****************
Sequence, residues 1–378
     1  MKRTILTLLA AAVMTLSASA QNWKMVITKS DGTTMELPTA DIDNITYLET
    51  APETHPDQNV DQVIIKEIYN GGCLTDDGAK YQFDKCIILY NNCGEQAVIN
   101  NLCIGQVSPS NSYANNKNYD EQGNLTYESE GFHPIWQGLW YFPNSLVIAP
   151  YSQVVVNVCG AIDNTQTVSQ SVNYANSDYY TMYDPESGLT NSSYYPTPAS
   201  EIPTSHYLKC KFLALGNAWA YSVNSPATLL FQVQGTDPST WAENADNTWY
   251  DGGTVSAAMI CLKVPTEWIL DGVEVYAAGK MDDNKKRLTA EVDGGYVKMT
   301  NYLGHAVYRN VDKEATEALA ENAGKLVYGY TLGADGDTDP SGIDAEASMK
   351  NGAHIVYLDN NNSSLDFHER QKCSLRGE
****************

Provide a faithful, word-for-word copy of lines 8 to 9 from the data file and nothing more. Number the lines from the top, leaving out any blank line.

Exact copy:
   301  NYLGHAVYRN VDKEATEALA ENAGKLVYGY TLGADGDTDP SGIDAEASMK
   351  NGAHIVYLDN NNSSLDFHER QKCSLRGE